Libertarian paternalism. An oxymoron? Maybe. Desirable? Possibly. Inevitable? Definitely, at least according to Cass Sunstein... more»
Why Homer matters. Readers join a chain of inspiration that spans the history of Western culture. At the start was the poet’s Muse herself ... more»
Christian in his moral vernacular, Catholic in his sensibility, Marxist in his political intelligence: Terry Eagleton is one odd intellectual... more»
In fairy tales, family members are murderers while animals are saviors. These doses of amorality and anarchy are desperately needed... more»
Witty, handsome, James “J” Laughlin was hard to resist. But the publisher, poet, and anthologist, founder of New Directions, was deeply flawed... more»
What makes Leo Strauss so compelling? His detractors, mostly, and their eagerness to discover the sinister roots of conservative ideas... more»
Seamus Heaney disdained the righteous, the politically certain, the morally overbearing. He was committed to complication... more»
Le Corbusier, the original starchitect, is blamed for modernism’s ills. Much of the vitriol, if not all of it, is deserved... more»
Dickens and his dogs. Timber, Turk, and Sultan were “the terror of the neighbourhood,” the author boasted. Then he shot Sultan... more»
The French are prickly about criticism – who isn’t, really? But when it comes to French-bashing, no one does it better than the French... more»
“I can’t teach someone to write,” says John Casey, “but I can sometimes teach someone to rewrite.” What he can teach them is craft... more»
For Robert Burns (haggis), Virginia Woolf (sausage, haddock), and Emily Dickinson (Black Cake), appetite was important to art... more»
When it comes to Orwell, we risk beatifying the man. Best to state what’s simple and true: He was always interesting, even when he was wrong... more»
Death by a thousand apps. Self-reliance has given way to learned helplessness. Automation makes our lives safer and easier. But the costs are dear... more»
Art in an age of relentless acceleration. The novel used to be a speedy way of delivering ideas and experiences. Now it’s unbearably slow ... more»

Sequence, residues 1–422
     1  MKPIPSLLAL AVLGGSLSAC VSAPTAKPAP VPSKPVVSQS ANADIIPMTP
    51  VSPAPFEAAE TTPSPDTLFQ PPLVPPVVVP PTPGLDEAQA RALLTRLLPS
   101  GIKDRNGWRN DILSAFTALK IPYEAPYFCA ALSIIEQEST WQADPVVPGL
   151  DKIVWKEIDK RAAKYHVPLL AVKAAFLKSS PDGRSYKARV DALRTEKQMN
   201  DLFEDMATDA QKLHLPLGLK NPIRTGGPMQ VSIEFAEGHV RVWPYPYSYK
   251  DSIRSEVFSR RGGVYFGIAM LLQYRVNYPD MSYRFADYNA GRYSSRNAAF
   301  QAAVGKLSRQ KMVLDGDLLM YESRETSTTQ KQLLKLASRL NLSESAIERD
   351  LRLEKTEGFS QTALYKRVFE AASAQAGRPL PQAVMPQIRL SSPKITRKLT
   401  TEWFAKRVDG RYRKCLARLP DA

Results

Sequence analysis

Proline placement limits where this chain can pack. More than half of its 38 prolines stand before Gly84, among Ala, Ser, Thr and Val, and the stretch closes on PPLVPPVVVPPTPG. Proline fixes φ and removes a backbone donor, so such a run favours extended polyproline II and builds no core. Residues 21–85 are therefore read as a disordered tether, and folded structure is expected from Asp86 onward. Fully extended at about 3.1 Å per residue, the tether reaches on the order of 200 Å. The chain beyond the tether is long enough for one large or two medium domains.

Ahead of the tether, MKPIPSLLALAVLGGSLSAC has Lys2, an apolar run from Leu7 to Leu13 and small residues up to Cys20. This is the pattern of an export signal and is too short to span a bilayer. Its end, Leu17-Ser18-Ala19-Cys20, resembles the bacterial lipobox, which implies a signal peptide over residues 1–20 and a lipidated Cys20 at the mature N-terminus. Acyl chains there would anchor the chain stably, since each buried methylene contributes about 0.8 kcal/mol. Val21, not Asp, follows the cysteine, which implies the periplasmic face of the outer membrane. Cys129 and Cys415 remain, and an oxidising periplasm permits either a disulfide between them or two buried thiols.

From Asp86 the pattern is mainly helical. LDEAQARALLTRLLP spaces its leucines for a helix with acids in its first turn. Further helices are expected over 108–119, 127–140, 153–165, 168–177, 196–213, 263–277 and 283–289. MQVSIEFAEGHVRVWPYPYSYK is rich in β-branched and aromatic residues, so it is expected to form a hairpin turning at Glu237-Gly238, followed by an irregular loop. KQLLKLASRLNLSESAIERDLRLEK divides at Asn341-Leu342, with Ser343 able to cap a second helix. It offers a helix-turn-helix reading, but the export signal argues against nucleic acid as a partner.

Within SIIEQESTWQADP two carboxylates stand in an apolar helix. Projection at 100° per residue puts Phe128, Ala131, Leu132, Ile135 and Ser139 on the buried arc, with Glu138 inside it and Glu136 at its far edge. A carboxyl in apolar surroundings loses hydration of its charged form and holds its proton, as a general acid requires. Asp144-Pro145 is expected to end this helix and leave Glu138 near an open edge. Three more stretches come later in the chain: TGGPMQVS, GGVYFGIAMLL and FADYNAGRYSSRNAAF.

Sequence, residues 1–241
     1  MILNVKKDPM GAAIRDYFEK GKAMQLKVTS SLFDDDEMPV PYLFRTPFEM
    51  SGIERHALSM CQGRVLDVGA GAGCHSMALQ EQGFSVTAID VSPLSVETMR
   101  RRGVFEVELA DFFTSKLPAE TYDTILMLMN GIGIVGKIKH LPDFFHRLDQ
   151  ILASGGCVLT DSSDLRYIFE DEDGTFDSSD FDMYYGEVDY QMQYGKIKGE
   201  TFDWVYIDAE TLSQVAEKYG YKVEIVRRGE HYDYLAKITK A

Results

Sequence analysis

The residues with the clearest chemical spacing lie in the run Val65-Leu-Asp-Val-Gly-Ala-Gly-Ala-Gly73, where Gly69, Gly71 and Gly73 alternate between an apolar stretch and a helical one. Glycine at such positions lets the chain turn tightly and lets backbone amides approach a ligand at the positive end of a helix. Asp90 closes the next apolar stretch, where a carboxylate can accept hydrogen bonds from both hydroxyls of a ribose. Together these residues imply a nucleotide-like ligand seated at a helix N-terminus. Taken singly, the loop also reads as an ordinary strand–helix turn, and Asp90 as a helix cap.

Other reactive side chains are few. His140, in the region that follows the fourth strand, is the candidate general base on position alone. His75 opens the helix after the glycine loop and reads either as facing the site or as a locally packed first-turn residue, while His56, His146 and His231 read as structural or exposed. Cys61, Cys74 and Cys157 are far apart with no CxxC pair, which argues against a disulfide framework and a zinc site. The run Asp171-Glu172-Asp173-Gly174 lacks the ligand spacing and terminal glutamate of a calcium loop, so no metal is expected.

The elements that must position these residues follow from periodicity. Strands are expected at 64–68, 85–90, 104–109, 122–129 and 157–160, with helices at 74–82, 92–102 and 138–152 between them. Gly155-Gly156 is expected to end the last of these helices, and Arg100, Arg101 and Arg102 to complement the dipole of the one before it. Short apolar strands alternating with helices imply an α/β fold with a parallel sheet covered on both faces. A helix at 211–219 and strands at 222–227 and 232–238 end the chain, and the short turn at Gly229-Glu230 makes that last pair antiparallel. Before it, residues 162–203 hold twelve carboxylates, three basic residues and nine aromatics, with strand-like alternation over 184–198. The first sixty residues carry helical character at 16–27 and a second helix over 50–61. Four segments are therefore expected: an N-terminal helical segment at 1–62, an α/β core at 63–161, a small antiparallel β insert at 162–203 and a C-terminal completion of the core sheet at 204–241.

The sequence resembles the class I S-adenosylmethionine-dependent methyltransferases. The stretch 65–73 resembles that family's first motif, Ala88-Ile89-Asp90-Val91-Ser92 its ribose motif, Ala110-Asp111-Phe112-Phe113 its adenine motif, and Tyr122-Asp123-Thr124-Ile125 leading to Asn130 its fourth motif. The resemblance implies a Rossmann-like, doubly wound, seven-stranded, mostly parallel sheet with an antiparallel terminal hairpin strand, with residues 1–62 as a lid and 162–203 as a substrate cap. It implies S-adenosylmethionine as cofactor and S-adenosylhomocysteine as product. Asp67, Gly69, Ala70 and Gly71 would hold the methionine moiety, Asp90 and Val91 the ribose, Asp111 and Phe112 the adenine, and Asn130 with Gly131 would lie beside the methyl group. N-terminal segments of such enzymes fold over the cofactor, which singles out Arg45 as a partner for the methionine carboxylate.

Smiles are fleeting, says Mary Beard, and hard to pin down. The perfect smile is a modern obsession. Blame the dental-industrial complex... more»
“I never say what I believe and I never believe what I say,” declared Machiavelli. “If I sometimes say the truth, I conceal it among lies”... more»
Norman Mailer planned to write his autobiography but never got around to it. Instead we have his letters – 45,000 of them... more»
Graffiti varies from place to place. In New York, it’s gallery-approved. In the Arab world, it’s political. In Pompeii, it was erotic and funny... more»
Beer, whiskey, wine, grain, tobacco, molasses, cement, fish, coins: The barrel is far from a simple idea... more»
Ian Buruma's interests – Anne Frank, Clint Eastwood, kamikazes – are linked by a single question: Why do humans behave so atrociously?... more»
Behold a new volume of T.S. Eliots letters, all 800 unbearably banal pages. His wife’s car was prone to skidding. He had many lunch appointments... more»
A magazine should plant its flag at the bloody crossroads where impertinence and rigor meet. How do TNR, Baffler, Believer, and n+1 stack up?... more»
Say what you will about Foucault – his self-indulgence or his preening radicalism – the man had a knack for sniffing out obscure information... more»
The poet Vladimir Mayakovsky revered Lenin, but the feeling was not mutual: “rubbish, stupid, beyond belief, and pretentious”... more»
Privilege and the penis. Fatherhood, infidelity, alcoholism, baseball, chivalry, porn, freedom: Laura Kipnis on what it means to be a man... more»